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The second column of the periodic table is called group two. It's also called the alkaline earth metal family. Beryllium (Be), magnesium (Mg), calcium (Ca), strontium (Sr), barium (Ba), and radium (Ra). Is that enough –iums for you?
Way back when, before Playstations, iPhones, automobiles, and even commercial electricity, scientists called "elements" that were non-metallic, water insoluble, and fire resistant, "Earths."5 In actuality, these "elements" were compounds composed of a metal and oxygen. Later these compounds were renamed oxides. The metal components of the oxides behaved differently, but still resembled the alkali family metals. After some quick brainstorming and mish-mashing of names, the two concepts were combined to create the Frankenstein-creature we now call alkaline earth metals.
Barium, an Alkaline Earth Metal.
This wholesome family lies in the s-block of the periodic table, which means their two valence electrons are in an s orbital. Here are a few alkaline earth metal electron configurations:
• Beryllium: [He]2s2
• Magnesium: [Ne]3s2
• Strontium: [Kr]5s2
The alkaline earths need to lose two measly electrons to achieve the super stable noble gas configuration. Piece of cake, right? Actually it is fairly easy for these elements to lose their valence electrons. The elements are not as reactive as their group one neighbors, but they're still very reactive.
Examples of Reactions Involving Alkaline Earth Metals:
Ca (s) + Cl2 (g) 2CaCl2 (s)
2Mg (s) + O2 (g) 2MgO (s)
Because of their high reactivity, the alkaline earth metals are not found in their elemental forms naturally. Instead they're found in the Earth's crust in their +2 oxidation state, which is the charge they achieve after losing the two valence electrons. To achieve this state, these elements can form halide complexes of the form MX2 (where M is the metal and X is the halide) or metal oxide complexes. Who knew the Earth's crust could be so interesting!
Composition of the earth's crust.
The metals of group two are harder and denser than the members of the group one family, but the hardness and density values are still relatively low compared to other metals of the periodic table. These metals are also silver-colored and soft. Not bunny rabbit type soft, but more fragile than the run-of-the-mill rock.
A few silver group two metals: magnesium, calcium, and barium.
Alkaline earth metals play a huge role in biology. Magnesium, for example, is absolutely essential to all organisms.6 It's a key component of chlorophyll, the green pigment in plants responsible for photosynthesis. Clearly, if someone wants to have a sun-energy harvesting superpower (Plant Man?), they should start taking their magnesium gummy vitamins.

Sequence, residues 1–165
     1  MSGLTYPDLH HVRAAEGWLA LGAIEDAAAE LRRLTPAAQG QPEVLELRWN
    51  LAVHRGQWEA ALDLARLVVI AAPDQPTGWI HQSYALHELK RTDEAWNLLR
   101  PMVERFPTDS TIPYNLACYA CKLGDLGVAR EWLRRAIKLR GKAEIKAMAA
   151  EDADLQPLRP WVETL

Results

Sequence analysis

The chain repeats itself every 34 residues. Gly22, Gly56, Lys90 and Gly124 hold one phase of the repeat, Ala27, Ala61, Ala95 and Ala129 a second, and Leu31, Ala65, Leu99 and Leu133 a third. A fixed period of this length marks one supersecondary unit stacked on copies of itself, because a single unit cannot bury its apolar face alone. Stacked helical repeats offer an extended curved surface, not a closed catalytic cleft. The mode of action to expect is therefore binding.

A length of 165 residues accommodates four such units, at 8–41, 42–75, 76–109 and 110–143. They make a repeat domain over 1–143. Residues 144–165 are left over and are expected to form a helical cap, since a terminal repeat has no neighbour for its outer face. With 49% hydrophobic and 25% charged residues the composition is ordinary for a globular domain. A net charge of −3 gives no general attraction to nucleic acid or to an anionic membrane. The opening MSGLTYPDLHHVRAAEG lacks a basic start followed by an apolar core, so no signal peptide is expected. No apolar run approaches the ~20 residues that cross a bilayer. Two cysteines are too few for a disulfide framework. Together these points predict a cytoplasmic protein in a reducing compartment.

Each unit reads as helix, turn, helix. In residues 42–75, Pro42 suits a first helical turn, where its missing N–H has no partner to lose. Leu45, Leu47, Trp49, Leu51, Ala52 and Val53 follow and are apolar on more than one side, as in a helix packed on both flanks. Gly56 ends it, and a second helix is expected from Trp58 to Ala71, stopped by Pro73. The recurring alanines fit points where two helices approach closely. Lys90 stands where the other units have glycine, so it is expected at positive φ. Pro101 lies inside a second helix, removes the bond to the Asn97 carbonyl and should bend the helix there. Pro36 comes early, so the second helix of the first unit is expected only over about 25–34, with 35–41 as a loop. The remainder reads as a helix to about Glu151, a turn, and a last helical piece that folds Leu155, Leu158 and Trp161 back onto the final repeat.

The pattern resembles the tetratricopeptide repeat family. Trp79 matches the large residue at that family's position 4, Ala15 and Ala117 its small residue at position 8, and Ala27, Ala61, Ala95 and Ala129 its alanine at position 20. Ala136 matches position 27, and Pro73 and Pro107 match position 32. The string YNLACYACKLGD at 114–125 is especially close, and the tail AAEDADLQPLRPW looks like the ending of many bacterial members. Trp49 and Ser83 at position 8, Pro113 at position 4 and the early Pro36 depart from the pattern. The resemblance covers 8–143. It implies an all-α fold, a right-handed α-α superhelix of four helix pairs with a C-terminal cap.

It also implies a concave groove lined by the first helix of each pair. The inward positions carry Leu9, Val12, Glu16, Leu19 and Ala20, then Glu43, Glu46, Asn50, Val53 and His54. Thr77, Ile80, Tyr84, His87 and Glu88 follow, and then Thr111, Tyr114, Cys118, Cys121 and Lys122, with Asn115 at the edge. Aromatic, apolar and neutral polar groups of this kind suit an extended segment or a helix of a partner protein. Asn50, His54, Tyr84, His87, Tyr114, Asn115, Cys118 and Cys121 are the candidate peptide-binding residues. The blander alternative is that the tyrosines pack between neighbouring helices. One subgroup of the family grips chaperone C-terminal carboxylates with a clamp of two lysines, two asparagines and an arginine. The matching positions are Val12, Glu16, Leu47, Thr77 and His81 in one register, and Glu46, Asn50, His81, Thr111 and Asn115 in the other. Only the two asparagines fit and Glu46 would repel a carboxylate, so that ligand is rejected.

When plants are deficient in magnesium their leaves begin to yellow, a process called chlorosis. Unless treated, chlorosis will result in a plant funeral.
Not a plant lover? Not concerned about photosynthesis? Well, magnesium plays a pivotal role in the human body as well. It's the second most abundant element inside human cells, and the fourth most abundant positively charged ion in the human body.7 Within the body's cells, Mg serves literally hundreds of functions.
How many times has your mom told you to drink your milk? "It's good for your bones!" Is mom right? Of course. One cup of milk has roughly 300 mg of calcium content.8 Calcium, as it turns out, is another essential alkaline earth metal. It helps keep our bones strong and our muscles functioning properly. Yet another reason to always listen to your mother.
Unlike its group two family members, Radium (Ra) is not quite so biologically friendly. It was discovered in 1898 by Pierre and Marie Curie.9 Ra is a bright silver radioactive metal that darkens upon exposure to air. Radioactive? This means that it emits energy in the form of rays, waves, or particles over time. The Curies spent so much time studying radioactivity that their handwritten laboratory notes are still too radioactive today for safe handling.9
Pierre and Marie Curie working in the laboratory.
Marie Curie and her husband, Pierre Curie, shared the Noble Prize for Physics in 1903 for their research in radioactivity.10 Marie was a pioneer of her time being a woman in science (and a successful one at that). You can read more about her here.